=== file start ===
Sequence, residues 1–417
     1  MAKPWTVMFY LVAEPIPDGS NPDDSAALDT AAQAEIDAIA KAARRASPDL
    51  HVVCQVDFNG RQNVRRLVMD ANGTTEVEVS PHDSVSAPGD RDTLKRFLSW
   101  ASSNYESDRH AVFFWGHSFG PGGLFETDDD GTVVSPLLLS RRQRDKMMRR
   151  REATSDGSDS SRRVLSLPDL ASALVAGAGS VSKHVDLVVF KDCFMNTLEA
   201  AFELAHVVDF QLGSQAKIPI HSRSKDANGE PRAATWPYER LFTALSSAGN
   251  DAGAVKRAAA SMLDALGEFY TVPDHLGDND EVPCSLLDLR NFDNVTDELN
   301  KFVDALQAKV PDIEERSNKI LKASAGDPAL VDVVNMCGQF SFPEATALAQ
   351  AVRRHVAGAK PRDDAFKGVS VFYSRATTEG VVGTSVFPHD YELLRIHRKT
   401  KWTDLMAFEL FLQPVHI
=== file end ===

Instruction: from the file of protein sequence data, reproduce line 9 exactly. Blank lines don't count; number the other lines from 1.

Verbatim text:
   351  AVRRHVAGAK PRDDAFKGVS VFYSRATTEG VVGTSVFPHD YELLRIHRKT